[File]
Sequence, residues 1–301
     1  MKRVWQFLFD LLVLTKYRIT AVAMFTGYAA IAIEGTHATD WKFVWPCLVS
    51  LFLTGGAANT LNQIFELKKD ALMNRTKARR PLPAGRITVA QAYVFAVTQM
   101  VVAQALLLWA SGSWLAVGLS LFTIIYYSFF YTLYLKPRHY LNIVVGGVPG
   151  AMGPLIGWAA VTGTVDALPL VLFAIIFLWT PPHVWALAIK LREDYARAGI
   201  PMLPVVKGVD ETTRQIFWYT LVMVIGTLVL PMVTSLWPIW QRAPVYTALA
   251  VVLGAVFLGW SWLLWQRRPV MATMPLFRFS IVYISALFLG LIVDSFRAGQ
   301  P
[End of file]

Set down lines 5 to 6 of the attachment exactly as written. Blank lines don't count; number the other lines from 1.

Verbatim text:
   151  AMGPLIGWAA VTGTVDALPL VLFAIIFLWT PPHVWALAIK LREDYARAGI
   201  PMLPVVKGVD ETTRQIFWYT LVMVIGTLVL PMVTSLWPIW QRAPVYTALA